Ousmane Pame, President of GEN Africa declared that: “Ecovillages, with their promotion of organic agriculture, renewable energies, traditional skills, and food sovereignty, are a solution for climate change and deforestation.”
During the day, many challenges were also discussed. Senegal faces severe desertification, loss of water supplies, and soil degradation. As in all African countries, forests are being cut down for firewood. Thousands of young people leave the country to look for better life conditions in Europe.
The strategy that ANEV has taken consists of strengthening good local governance, food security, use of biogas and solar energy, and environmental education. “Ecovillages are the pillar for sustainability”, Col. Dembou Mamadou, head of the ANEV stated.
“Sustainability is not enough”, Kosha Joubert commented. “The state of the planet requires more of us: it’s about regeneration of Nature and healing of the relationships within communities. Globally, we have the knowledge to do so, and now it is about coming together as a global community to create our own pathway to the future; differing from the suggested way of modernization and centralization. Coming together is a beautiful, but not always easy, path.”
On one of the conference days, some of the delegates had the chance to visit Mbackombel, a pilot model for the ecovillages, supported by ANEV. We saw a village of 500 families with many youth, receiving us with local music and dance, who have light and energy through solar power and biogas, using rocket stoves, compost, and permaculture methods, and having a school, and village library.
It was easy to see how immensely their standards of living have changed using ecovillage techniques. Every family has enough to live, the stresses on the surrounding trees and soils have abated, and the community seems to be unified in their support of one another.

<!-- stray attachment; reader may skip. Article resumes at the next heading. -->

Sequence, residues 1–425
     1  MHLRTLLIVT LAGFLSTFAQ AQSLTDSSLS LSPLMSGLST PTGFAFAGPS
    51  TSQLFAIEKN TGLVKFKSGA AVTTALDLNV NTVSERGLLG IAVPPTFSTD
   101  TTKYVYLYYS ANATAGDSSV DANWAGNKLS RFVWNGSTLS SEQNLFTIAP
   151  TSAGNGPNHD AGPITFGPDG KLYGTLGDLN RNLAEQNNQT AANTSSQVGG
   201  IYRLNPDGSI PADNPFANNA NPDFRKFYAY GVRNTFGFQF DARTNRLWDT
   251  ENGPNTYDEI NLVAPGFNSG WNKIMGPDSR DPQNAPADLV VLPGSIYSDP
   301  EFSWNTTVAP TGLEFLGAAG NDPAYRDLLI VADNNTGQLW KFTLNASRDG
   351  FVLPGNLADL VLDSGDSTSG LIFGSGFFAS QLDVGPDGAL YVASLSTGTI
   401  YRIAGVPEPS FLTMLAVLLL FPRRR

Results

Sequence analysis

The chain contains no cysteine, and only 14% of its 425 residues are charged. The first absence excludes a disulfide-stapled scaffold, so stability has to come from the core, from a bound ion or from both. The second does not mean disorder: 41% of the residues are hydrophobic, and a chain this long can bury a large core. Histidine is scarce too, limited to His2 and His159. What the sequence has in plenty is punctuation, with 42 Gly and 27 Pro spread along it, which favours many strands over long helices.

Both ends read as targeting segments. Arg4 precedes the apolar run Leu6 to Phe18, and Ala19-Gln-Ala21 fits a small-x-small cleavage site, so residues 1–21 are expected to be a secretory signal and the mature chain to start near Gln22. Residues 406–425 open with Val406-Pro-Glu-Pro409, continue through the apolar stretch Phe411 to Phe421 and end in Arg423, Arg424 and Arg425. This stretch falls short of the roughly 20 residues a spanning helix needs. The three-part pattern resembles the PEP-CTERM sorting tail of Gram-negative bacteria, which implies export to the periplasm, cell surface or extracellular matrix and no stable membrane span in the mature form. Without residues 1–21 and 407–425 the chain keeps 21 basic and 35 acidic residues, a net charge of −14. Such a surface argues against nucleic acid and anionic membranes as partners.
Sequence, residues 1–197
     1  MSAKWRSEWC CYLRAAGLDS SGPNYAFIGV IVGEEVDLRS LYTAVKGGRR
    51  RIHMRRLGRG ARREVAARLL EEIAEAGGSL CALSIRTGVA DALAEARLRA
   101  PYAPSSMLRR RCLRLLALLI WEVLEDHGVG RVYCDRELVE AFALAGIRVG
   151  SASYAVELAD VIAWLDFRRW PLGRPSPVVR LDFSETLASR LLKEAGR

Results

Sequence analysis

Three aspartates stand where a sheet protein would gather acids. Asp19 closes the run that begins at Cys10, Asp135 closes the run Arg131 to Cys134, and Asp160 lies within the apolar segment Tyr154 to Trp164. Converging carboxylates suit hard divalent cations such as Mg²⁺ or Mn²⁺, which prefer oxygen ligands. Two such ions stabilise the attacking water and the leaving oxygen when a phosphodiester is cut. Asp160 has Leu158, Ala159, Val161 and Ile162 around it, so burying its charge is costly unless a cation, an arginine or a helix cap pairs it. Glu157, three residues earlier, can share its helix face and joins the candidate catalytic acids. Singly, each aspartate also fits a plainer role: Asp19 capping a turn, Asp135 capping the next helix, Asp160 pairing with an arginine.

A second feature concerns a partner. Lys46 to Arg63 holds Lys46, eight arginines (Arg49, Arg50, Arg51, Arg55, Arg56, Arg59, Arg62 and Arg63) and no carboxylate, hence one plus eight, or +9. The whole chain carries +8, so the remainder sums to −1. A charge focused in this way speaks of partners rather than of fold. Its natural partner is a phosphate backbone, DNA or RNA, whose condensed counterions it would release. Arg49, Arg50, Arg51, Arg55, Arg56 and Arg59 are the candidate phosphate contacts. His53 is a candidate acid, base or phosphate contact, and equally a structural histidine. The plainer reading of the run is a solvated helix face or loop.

Although the biogas system looked suspiciously clean and unused, and the adobe barn had collapsed because of construction mistakes, it was promising that the population created their own system of maintaining the solar technology, community gardens, and the tree nursery.
The following days of the conference saw deep and controversial discussions about how to open up for cooperation with governments and corporations, while at the same time not losing the depth and evolutionary power of the ecovillage experience, which has grown out of the grassroots movements.
Questions such as “Can bottom-up strategies really meet top-down strategies?” or “Isn´t the ecovillage approach of the government another approach of the development and colonization concept – technologies applied from the outside?” were discussed, as well as “How can we empower and encourage traditional villages to, not only, apply ready-made concepts, but also connect with their unique identity and knowledge, becoming strong and autonomous partners of the ecovillage approach?”
To develop a common solution, participants worked together in groups to write a common strategy paper of how to scale-up the ecovillage transition process: a paper that can be presented to local authorities, mayors, national governments, and all cooperation partners, to transition existing villages, regions, and cities into ecovillages, ecoregions and ecocities.
We expect to identify many willing partners regarding the situation of climate change and rural exodus. Spain is just one example of a country that sells whole villages for a nominal price, as long as the buyer can show a meaningful proposal for revitalization and sustainability.
In just two days, the first draft of a twenty page strategy paper was written. It will be discussed in other GEN working groups, and presented at the GEN +20 Summit taking place in Findhorn in July 2015.
Sometimes, the simplest words can be the deepest, as a participant from Mauritania shared: “What are Ecovillages? They are about providing each other with food and with all that we need. They are about caring for the water, the plants, and the animals. To say it in one word: Ecovillage is love.”